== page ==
Panhandlers, Pickpockets / Other Perps, Washington D.C.
Be very mindful of your belongings. Thieves have a particular eye out for Apple products, ipods ipads . Do not fall asleep on the Metro and make sure your stuff is where it is in your control.
Reports of theft on the metro are no longer uncommon in the Washington DC area.
News reports in the last few months tell of a significant increase in theft on the metro, more than anything thefts of fancy cell phones and electronic devices. Please be careful with your belongings
One thing I noticed recently. Lighting in the Metro stations seems to be considerably less than before. Be extra careful at the fare machines when fumbling around with money...watch your step on escalators (especially during rush hour) and always stand back from the platform. I don't know if Metro is trying to create more "romantic" lighting in the metro stations or just save money. Be mindful!
I ride the metro daily to commute to work. I commute at 10/10:30 daily due to an off hours work schedule, but it means my train is mostly full of tourists. I regularly take naps on the train with no issue. I have been taking the metro for 6 months with no issues. I do hold onto my purse, but have never known anyone to be pickpocketed and have never worried about it in the DC metro area.
I take the metro to McPherson Square which is known for having many panhandlers. That is true, however they are harmless and if you just ignore them they will leave you alone. I ride the orange line from VA to DC which seems very safe. I'm sure there are other areas of the Metro that may be sketchier.
Please note on the Metro escalators the rule is stand on the right, walk on the left!! Commuters appreciate it.
Also the Metro is old, and can look that way. On weekends/holidays check the schedule ahead of time because they tend to do construction those days and close stations.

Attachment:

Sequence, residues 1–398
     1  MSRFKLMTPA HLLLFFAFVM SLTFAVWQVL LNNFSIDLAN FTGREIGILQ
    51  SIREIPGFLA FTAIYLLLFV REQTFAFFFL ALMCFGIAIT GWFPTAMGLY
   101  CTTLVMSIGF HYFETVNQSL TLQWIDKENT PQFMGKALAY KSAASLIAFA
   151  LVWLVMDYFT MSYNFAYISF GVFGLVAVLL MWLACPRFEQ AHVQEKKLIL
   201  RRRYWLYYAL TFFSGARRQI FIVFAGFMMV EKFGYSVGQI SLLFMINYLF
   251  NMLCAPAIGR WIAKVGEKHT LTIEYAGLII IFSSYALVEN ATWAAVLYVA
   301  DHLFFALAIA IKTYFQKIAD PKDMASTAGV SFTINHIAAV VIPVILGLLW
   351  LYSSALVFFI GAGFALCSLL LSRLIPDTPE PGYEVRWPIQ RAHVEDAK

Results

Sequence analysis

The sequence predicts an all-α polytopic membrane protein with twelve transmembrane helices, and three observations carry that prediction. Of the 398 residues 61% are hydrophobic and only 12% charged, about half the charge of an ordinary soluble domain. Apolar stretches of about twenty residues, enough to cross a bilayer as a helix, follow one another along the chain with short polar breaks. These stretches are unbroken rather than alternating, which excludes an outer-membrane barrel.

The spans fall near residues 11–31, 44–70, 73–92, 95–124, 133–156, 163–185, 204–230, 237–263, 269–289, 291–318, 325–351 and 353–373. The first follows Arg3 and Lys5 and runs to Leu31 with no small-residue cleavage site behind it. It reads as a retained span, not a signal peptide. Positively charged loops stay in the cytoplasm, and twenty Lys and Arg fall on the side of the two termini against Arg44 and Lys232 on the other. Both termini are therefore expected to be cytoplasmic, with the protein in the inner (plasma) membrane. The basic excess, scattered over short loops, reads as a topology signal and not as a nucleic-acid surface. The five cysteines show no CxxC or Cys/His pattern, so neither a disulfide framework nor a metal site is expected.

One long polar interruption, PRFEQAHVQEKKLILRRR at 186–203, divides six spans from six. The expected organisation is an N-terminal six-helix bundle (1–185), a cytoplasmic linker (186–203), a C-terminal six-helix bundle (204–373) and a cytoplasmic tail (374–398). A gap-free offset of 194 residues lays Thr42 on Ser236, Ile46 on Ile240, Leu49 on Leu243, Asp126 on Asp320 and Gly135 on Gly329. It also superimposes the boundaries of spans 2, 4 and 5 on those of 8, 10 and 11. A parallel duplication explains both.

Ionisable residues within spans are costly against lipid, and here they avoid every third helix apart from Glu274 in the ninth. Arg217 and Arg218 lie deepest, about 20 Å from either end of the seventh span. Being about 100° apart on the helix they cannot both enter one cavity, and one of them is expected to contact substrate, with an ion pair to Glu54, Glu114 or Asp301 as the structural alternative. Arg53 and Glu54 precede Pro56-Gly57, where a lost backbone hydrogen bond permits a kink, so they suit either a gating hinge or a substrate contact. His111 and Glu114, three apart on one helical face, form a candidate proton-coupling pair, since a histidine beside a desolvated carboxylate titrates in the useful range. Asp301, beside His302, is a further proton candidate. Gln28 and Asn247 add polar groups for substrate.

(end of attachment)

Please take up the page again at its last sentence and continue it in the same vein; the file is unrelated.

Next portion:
Not that they are much of a danger, but be aware of the constant panhandling in certain areas of the city. You won't see them around the main tourist areas, but they are common in the poorer sections of the city such as here, along US HWY 50. Some areas of downtown like west of Union Station, where there is a homeless shelter, and on K Street NW around Farragut and McPherson Squares where hundreds of homeless sleep outside on the sidewalks.
There are some vagrants in the mall area and where the sites are. Keep walking by them. If you address the matter and talk to them, you may not be able to get away, or the become beligerent when you do not give them money. They are poor people, but have become hardened to a no and will be ugly to get the money-usually for drugs and alcohol.
Like any big city, Washington has its share of bums. They are particularly aggressive, and becoming more so all the time. That's mainly because panhandling no longer carries the social stigma that it should.
To make matters worse, many of these tramps call out to female passersby, making lewd or suggestive comments. This is one reason that many suburban women are so reluctant to venture into the city.
When bums can no longer obtain food, money, or shelter here, then they will migrate to another city and become someone else's problem. So don't give them anything. And don't respond to their crude harassment of women; it could make them belligerent.
The area around the bus station that I saw looked little better than a ghetto, a slum. We walked from station to the White House but seemed to avoid it. However, we came back by taxi and I must say I am glad the driver did not hang about! The were wandering around like zombies, drinking or rifling thru bins. It was like a movie